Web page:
Because of the fact that my physical features were just like that of a Tolai as well as the love of the people and the knowledge of the culture and traditions I developed from reading Sir Paulias’s book I fitted in well with the people there and they even thought I was one of their own tribesmen. The only thing that made the difference was the language barrier.
I could remember on my first day at work once arriving there, someone rushed straight to me at the counter handing over his passbook then said in the Kuanua language, “Eya turana, ma go ra passbook tara salary up-date (hey bro, please up-date my salary into the passbook)”.
I was lost for words but quickly picked up the following words; passbook, salary and up-date and knew that all he wanted was to up-date his salary into his passbook so I did exactly what he wanted. All my colleagues started laughing at me because they knew that I had no idea about the Kuanua language but managed to do the right thing within that short period of time.
I eventually left the bank and went on to become a primary school teacher in 2001. While undertaking teacher training, I met a lady from East New Britain and followed my heart through to tying the knot with her. Later I went on to obtain my degree in education in 2008 and was employed as a Primary Teachers College lecturer at Gaulim Teachers College in East New Britain Province.
In 2010 while serving as a lecturer there, I was posted to Tauran Primary School in the Toma area to supervise trainee teachers who were sent to do their practice teaching in that primary school. Upon my arrival, the Head Teacher took me for a short tour around the Tauran community. There he showed me Sir Paulias Matane’s house lying adjacent to the school and told me that Tauran Primary School was the very school Sir Paulias attended many years ago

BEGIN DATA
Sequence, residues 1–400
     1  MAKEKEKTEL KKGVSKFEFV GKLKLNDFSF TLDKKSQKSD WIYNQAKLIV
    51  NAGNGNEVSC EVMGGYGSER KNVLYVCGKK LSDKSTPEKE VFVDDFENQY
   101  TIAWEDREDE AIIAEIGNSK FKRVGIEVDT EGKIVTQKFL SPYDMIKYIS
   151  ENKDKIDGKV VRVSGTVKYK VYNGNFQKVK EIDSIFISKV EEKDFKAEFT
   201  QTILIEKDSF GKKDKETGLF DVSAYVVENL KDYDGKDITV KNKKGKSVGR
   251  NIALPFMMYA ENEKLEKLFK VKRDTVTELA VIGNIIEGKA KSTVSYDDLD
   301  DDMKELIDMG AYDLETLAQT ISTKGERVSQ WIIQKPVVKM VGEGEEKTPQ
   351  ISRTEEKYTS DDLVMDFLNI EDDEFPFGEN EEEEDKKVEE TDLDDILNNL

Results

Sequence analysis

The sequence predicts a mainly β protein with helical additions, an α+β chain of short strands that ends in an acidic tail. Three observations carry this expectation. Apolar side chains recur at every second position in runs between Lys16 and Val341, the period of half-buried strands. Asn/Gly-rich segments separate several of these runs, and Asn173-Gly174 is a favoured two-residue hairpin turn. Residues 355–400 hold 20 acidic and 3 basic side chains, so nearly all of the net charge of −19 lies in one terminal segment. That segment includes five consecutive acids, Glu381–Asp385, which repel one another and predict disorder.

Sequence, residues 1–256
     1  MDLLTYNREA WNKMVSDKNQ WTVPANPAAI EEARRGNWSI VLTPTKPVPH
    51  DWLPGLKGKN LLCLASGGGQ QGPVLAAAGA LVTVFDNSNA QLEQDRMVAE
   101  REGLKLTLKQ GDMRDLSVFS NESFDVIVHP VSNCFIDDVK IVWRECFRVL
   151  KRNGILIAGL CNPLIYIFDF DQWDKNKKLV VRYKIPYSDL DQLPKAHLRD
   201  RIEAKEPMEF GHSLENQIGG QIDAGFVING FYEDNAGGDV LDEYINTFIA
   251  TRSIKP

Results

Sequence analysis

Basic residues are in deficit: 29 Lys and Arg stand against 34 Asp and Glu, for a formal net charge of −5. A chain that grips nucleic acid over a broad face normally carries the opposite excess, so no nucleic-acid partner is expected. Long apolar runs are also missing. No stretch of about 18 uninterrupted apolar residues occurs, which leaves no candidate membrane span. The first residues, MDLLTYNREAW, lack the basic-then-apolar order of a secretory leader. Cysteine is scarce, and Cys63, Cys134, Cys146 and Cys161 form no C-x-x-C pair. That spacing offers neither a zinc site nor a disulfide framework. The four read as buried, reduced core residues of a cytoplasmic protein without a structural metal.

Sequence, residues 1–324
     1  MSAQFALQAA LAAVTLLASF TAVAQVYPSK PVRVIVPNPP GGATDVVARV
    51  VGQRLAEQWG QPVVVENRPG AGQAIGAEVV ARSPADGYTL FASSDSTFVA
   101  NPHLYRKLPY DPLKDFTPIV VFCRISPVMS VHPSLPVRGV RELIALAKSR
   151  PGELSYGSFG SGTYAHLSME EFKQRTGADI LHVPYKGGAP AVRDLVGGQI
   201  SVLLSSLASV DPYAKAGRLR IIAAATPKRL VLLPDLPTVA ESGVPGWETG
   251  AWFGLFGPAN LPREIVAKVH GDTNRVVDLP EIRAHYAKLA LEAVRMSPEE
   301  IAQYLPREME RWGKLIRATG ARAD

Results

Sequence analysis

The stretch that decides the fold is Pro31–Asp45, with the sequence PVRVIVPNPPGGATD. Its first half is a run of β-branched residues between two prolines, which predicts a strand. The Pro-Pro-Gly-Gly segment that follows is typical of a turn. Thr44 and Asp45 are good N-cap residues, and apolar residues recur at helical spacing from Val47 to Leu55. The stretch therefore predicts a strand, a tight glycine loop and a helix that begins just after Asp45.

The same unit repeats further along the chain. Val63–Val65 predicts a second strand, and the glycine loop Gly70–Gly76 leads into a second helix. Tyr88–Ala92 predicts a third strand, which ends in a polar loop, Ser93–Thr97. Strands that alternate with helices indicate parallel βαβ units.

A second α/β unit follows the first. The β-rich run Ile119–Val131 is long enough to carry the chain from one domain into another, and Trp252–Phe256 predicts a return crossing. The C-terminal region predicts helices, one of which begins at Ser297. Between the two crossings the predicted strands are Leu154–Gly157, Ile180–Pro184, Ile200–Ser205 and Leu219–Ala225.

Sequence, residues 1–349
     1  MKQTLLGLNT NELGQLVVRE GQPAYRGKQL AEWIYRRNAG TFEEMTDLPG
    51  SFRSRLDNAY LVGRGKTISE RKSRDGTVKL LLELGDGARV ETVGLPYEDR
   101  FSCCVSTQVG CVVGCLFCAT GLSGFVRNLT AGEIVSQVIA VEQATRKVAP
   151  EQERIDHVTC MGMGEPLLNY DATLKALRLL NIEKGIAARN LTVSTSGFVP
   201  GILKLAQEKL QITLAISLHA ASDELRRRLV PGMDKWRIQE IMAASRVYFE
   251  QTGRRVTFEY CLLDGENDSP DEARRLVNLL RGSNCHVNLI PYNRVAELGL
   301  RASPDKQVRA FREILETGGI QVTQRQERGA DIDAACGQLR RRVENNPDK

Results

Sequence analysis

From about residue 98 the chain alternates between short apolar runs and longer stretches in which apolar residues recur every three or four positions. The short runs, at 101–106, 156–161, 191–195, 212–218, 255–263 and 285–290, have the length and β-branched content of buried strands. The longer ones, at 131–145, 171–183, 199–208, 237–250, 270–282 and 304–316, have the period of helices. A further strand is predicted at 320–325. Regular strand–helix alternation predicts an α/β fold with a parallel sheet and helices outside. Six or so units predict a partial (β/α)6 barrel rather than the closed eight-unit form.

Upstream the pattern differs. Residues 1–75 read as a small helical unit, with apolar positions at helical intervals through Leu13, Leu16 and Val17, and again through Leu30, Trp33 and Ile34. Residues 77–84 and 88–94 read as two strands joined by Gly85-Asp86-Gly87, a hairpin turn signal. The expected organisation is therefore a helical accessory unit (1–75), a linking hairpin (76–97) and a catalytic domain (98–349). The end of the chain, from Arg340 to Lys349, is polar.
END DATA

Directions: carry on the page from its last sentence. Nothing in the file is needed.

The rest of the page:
“Wow!” I called out with eyes wide open. “And you know what?” the Head Teacher continued, “He is coming with Lady Kaludia next week as special guests to observe our Book Week Celebrations and at the same time opening our new library as well”. Feelings of excitement filled me as I would be, for my first time, meeting Sir Paulias and would tell him in person how his book dictated my whole life.
The day came for the Book Week Celebrations and I was introduced to Sir Paulias and Lady Kaludia that morning before the ceremony started. There I finally met the author of the book that fashioned my whole life. He was very delighted to hear my story about how his book started transforming my life as early as my seventh grade and brought me this far to becoming a teacher like himself, and even getting married to a lady from his society and becoming part of his culture and traditions.
Sir Paulias requested me to be part of his team as an invited guest during the celebration and I was overwhelmed. He even gave me the opportunity to speak to the school children and the general public about the importance of reading books as well as my personal experiences about how the book My Childhood in New Guinea shaped my entire life. I could hear laughter everywhere as I added some flavour into my speech in a bid to promote the habit of reading a book. The day ended with a big feast prepared in the Tolai way before Sir Paulias and his team left.
How great it is to live a life shaped by a book written by a wise person and a founding father of education in this beautiful nation of ours. As a matter of fact, reading books can completely shape one’s life to such an extent that the full potential of it can be accomplished. With that, I truly owed my success to all my teachers who had contributed to building my interest in reading books as early as possible in my life.
Benson Jamankian Hahambu (35) was born in Wewak in the East Sepik Province. He is currently employed as a social science & community development lecturer at Madang Teachers College. He was a Banking Officer before going on to qualify as a primary school teacher. He has a Diploma in Teaching and a Bachelor of Education and is planning to undertake external studies at Deakin University taking the course Master in International & Community Development. He is married with two children